Why Reductionism is not Eliminativism

As a student of Cognitive Science, I am primarily concerned with the nature of consciousness and the mind. Like many in my field, I am a physicalist – consciousness, emotions, and other mental states can be reduced to purely physical phenomena which can, in principle, be observed and studied like any other natural occurrence. This stands opposed to the dualistic belief that mental phenomena are of an entirely different kind – perhaps the result of some immaterial “soul” or “human spirit” which is not governed by physical principles and perhaps cannot even be understood by scientific methods. (I have briefly explained elsewhere why I judge this position to be entirely incoherent, as opposed to just unconvincing. A refutation of Dualism is not the purpose of this piece.)


A common fear that I encounter when explaining this physicalist position to others is that reducing the richness of mental experience to physical interactions, we destroy the “special quality” these experiences have. “If things like love, beauty and music are reducible to physical interactions of inert particles, what a bleak world that would be!” My knee-jerk reaction to this objection is “What does it matter?” The truth of a given empirical claim has nothing to do with how you feel about it (the fact that you might consider a leprechaun-based explanation of rainbows to be more beautiful than the optical/physical explanation does not contribute one whit to the veracity of the former). But ultimately this response is just me being cantankerous – I can understand the fear one might feel at the spectre of a inert, meaningless particle-world, and ultimately my commitment to physicalism is not based solely on hard-headed empiricism, but also because it is my experience that human-level phenomena such as love, beauty and music are not eliminated by a reductionist, physicalist world-view, and can, in fact, be enhanced therein.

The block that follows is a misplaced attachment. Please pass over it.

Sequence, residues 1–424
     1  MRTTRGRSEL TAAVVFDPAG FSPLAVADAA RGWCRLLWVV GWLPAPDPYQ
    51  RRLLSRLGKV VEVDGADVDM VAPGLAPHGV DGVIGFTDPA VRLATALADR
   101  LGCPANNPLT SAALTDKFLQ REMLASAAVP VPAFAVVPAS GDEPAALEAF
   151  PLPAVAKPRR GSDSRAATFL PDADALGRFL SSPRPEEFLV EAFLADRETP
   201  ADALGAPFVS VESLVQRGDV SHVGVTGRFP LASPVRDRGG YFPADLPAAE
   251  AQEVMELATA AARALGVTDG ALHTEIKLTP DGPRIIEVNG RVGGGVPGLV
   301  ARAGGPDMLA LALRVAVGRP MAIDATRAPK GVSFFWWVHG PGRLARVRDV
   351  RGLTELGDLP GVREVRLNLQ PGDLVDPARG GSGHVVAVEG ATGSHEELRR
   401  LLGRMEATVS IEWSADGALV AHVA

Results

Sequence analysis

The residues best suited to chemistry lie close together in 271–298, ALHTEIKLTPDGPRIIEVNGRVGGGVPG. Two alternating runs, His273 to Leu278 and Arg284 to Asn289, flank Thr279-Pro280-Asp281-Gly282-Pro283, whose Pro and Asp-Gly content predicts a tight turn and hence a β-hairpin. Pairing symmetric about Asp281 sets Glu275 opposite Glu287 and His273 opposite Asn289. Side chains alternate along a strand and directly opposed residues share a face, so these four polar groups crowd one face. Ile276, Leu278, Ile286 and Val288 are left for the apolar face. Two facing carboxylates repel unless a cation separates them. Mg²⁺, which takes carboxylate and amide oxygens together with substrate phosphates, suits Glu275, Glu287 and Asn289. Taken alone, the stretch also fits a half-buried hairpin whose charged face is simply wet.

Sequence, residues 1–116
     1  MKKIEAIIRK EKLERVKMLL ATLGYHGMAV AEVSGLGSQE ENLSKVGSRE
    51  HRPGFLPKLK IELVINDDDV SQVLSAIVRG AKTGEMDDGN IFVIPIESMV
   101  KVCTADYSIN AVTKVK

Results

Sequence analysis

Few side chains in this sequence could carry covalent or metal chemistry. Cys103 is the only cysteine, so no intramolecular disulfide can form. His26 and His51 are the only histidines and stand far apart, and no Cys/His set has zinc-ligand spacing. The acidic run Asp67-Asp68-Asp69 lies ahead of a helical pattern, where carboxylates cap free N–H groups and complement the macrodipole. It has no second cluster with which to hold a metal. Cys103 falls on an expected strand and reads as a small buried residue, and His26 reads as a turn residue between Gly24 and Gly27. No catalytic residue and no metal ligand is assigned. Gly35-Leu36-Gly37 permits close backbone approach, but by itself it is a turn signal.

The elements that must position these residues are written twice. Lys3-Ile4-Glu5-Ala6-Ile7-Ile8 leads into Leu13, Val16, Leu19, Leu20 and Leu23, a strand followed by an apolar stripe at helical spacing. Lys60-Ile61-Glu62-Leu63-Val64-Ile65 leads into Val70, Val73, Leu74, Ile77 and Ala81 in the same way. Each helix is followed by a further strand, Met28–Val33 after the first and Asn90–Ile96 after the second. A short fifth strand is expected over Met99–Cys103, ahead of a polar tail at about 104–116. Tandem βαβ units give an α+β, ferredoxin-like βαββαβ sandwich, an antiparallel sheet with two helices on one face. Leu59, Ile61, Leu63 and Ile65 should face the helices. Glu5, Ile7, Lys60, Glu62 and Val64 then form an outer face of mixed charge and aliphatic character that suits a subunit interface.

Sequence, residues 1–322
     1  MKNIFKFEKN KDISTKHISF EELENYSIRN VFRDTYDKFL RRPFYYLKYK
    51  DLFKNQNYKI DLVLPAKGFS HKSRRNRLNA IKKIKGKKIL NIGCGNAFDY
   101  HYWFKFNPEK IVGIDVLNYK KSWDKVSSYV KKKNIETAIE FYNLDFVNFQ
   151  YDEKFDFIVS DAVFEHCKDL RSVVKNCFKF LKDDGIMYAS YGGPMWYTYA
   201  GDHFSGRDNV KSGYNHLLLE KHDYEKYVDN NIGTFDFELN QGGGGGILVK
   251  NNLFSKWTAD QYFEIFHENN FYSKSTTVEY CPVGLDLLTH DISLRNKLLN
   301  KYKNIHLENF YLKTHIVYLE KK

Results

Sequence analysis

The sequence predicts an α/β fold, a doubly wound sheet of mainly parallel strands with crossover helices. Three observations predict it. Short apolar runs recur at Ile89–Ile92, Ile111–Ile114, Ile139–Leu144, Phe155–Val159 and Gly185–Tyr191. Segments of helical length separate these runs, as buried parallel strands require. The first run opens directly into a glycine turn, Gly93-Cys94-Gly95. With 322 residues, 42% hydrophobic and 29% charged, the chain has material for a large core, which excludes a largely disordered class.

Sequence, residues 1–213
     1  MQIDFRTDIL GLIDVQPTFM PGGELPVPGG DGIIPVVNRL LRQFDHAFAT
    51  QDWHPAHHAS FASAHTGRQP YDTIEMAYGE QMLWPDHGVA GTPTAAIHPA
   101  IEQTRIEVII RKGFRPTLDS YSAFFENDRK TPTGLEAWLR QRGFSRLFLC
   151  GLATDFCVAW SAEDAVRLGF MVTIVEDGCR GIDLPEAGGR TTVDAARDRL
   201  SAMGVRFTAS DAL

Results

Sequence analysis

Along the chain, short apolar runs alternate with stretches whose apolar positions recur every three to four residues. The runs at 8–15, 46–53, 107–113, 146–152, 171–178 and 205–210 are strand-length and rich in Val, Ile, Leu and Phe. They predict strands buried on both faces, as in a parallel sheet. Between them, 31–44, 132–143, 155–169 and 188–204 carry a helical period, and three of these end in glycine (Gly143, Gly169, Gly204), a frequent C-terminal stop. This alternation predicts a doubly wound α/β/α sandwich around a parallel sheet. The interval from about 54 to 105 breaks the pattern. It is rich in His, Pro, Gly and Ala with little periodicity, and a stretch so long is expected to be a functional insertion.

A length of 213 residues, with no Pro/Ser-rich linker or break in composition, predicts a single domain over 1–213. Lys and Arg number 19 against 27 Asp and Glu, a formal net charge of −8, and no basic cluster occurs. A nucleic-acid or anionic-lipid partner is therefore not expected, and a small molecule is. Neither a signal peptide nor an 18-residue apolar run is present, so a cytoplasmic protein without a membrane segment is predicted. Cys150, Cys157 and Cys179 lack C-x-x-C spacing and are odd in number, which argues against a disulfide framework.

So how can we begin to allay the fears of those who feel that by seeking to understand the mind we are destroying beauty? I think these fears come in two major flavours, the first being that by studying a thing we remove the mystery or beauty from the thing. I will assume that readers of Terry have an appreciation for the joy of intellectual pursuit, and will therefore not spend much time on this objection, but it is worth a mention all the same. First of all, the claim that by understanding a phenomenon of something at the physical level we eliminate its beauty seems to me entirely unsubstantiated even in common experience. If that were the case that understanding (in the “Erklärung” sense) meant destruction of the wonder one felt at the phenomenon itself, we should expect that those individuals who know the most about a given subject would eventually become the least attached to it. Of course, quite the opposite is true! How many biologists lose their sense of wonder at the beauty of nature once they understand the “merely” physical processes which underlie it? Those who study music theory and know the mechanics and rules which helped Mozart structure his Requiem might be expected to lose interest once these details were understood, but of course this is not the case. As someone who has studied Computer Science I can tell you that my love of computers is far greater now that I understand how they work than back in the days when I viewed them as mystical magic-boxes (I’ll spare you the details of how excited I got when I first understood how physical interactions in transistors could give rise to higher-level logic!) Clearly, understanding how something can be reduced to physical interactions does not eliminate our sense of wonder at the higher-level epiphenomenon.